Inside a luxury resort in the California desert, the billionaire industrialist Charles Koch has a grim message for his network of conservative donors. Rather than embracing his vision of a free-market paradise, he said, "the tragedy is, in my view, that America is moving farther and farther away."

The group, led by Koch and his brother, David, has met twice a year for more than a decade to promote the Kochs' ideas about radically limiting the role of government. The millions spent by these wealthy donors have turned them into a force in American politics that sometimes rivals the power of a political party. The crowd gathered at Indian Wells on Jan. 30 was the biggest yet -- 500 wealthy Americans from all over the country - - and it plans to spend a record $500 million in the coming year.

But recent experience in the Republican presidential primary is serving as a reminder that even very large piles of money don't guarantee victory. Although the Koch brothers themselves haven't backed a particular candidate, nor has their network, issued an endorsement, many members have placed large bets on the race and now have little to show for them. A super- PAC supporting Scott Walker raised more than $20 million before his campaign collapsed last year; among the biggest donors was Diane Hendricks, a Wisconsin roofing billionaire and member of the Koch donor organization, which is known as Freedom Partners. Other members wrote seven-figure checks to super-PACs supporting Jeb Bush, Chris Christie, and John Kasich. The spending failed to propel any of these candidates atop the polls.

Instead, the front-runner has been Donald Trump, whose campaign relies less on spending money than on dominating television news coverage. With his calls for mass deportation of undocumented immigrants and his spotty credentials as a fiscal conservative, Trump gets little support from Koch donors. He wasn't among the five candidates invited to speak at a Koch summit last year in Dana Point, California.

Marc Short, the president of Freedom Partners, said he was surprised at how ineffective the super-PAC spending has been, and his group has been trying to make sense of the Trump phenomenon. “Support for Trump is not philosophical. It's a frustration and even an understandable anger that people feel, that their representatives in Washington don't represent their interests anymore,” he said in an interview on the sidelines of the conference. “We agree with the frustration, but we just feel like that's the wrong prescription to solve the problem.”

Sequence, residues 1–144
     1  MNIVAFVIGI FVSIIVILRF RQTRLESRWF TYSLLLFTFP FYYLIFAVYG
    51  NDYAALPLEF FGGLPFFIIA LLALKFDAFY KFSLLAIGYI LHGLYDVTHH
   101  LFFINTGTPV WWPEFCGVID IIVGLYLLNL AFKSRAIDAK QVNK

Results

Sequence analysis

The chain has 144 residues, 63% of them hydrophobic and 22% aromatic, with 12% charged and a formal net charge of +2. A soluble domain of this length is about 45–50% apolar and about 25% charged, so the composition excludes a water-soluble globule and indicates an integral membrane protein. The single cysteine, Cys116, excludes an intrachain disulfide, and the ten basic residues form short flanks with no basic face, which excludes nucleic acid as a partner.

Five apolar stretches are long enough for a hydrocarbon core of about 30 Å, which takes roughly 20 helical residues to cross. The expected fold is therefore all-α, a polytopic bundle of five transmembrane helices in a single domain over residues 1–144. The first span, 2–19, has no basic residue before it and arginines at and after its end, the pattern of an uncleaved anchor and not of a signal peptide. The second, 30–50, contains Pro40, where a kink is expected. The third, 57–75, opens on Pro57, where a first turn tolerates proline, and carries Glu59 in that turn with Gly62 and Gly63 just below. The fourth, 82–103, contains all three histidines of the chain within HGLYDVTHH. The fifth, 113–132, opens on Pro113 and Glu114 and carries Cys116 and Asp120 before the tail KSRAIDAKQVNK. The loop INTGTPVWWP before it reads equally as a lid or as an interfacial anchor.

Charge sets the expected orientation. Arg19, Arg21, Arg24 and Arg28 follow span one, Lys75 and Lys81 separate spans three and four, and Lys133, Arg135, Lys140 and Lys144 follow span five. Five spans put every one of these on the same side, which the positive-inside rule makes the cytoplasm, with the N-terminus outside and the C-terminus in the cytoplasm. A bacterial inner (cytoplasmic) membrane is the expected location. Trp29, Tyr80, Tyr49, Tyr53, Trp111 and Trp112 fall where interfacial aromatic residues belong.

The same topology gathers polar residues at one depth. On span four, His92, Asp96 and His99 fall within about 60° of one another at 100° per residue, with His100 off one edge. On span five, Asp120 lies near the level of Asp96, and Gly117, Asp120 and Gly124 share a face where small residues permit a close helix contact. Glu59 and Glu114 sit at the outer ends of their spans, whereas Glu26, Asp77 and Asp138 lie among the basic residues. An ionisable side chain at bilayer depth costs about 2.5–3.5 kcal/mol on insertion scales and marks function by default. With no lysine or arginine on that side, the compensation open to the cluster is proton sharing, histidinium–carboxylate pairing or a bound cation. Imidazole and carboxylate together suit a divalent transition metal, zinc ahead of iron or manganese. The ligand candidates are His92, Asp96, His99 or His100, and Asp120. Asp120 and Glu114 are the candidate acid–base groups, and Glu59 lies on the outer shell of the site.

The Kochs have supported libertarian-oriented causes for decades, often taking steps to keep their work and the identities of their fellow donors private. That's changing, and in Indian Wells, they allowed six news organizations to attend parts of the gathering, on the condition that reporters not approach donors or report on their presence without permission.

Officials said the group spent almost $400 million in 2015, part of a spending plan of $889 million between last year and this one.

Only about one-third of Freedom Partners' money tends to go to electoral politics, and the meetings cover a broad range of projects, from providing scholarships to fighting campus speech codes to building networks of conservative activists. The group is deeply involved in a push to reduce incarceration of nonviolent offenders, as well as an effort in Congress to abolish the Export-Import Bank.

With the Iowa caucuses today, no presidential candidates went to Indian Wells. Among the elected officials who were in attendance were U.S Representatives Jeb Hensarling, Ron DeSantis, and Tom McClintock; and Senator Ben Sasse of Nebraska.

After lunch on Jan. 31, Charles Koch spoke at length about his personal philosophy, which he says informs both how he runs the business, Koch Industries, and his political views. He envisions a society that maximizes personal freedom, with the government's role scaled back to a few areas, such as enforcing property rights and public safety. He says government cronyism creates a “two-tiered” society, dividing those with access to governmental power and those without.